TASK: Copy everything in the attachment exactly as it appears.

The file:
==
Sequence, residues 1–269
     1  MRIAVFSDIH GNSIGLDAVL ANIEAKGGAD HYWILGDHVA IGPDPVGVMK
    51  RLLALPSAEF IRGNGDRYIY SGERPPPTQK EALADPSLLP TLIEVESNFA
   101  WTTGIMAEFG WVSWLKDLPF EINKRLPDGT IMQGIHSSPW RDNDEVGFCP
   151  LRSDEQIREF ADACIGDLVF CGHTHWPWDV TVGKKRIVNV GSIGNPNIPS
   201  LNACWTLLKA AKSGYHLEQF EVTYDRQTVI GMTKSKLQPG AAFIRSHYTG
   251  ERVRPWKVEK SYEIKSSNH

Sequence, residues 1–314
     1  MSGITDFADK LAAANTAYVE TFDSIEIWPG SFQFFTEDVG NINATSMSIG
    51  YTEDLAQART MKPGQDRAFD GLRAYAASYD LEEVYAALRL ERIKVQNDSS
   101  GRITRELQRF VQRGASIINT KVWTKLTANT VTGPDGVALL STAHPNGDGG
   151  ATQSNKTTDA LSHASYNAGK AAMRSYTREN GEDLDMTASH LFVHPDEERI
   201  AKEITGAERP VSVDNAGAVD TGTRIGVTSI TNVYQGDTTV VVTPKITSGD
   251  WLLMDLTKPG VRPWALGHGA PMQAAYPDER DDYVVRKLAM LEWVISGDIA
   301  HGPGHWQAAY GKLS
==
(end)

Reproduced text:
Sequence, residues 1–269
     1  MRIAVFSDIH GNSIGLDAVL ANIEAKGGAD HYWILGDHVA IGPDPVGVMK
    51  RLLALPSAEF IRGNGDRYIY SGERPPPTQK EALADPSLLP TLIEVESNFA
   101  WTTGIMAEFG WVSWLKDLPF EINKRLPDGT IMQGIHSSPW RDNDEVGFCP
   151  LRSDEQIREF ADACIGDLVF CGHTHWPWDV TVGKKRIVNV GSIGNPNIPS
   201  LNACWTLLKA AKSGYHLEQF EVTYDRQTVI GMTKSKLQPG AAFIRSHYTG
   251  ERVRPWKVEK SYEIKSSNH

Sequence, residues 1–314
     1  MSGITDFADK LAAANTAYVE TFDSIEIWPG SFQFFTEDVG NINATSMSIG
    51  YTEDLAQART MKPGQDRAFD GLRAYAASYD LEEVYAALRL ERIKVQNDSS
   101  GRITRELQRF VQRGASIINT KVWTKLTANT VTGPDGVALL STAHPNGDGG
   151  ATQSNKTTDA LSHASYNAGK AAMRSYTREN GEDLDMTASH LFVHPDEERI
   201  AKEITGAERP VSVDNAGAVD TGTRIGVTSI TNVYQGDTTV VVTPKITSGD
   251  WLLMDLTKPG VRPWALGHGA PMQAAYPDER DDYVVRKLAM LEWVISGDIA
   301  HGPGHWQAAY GKLS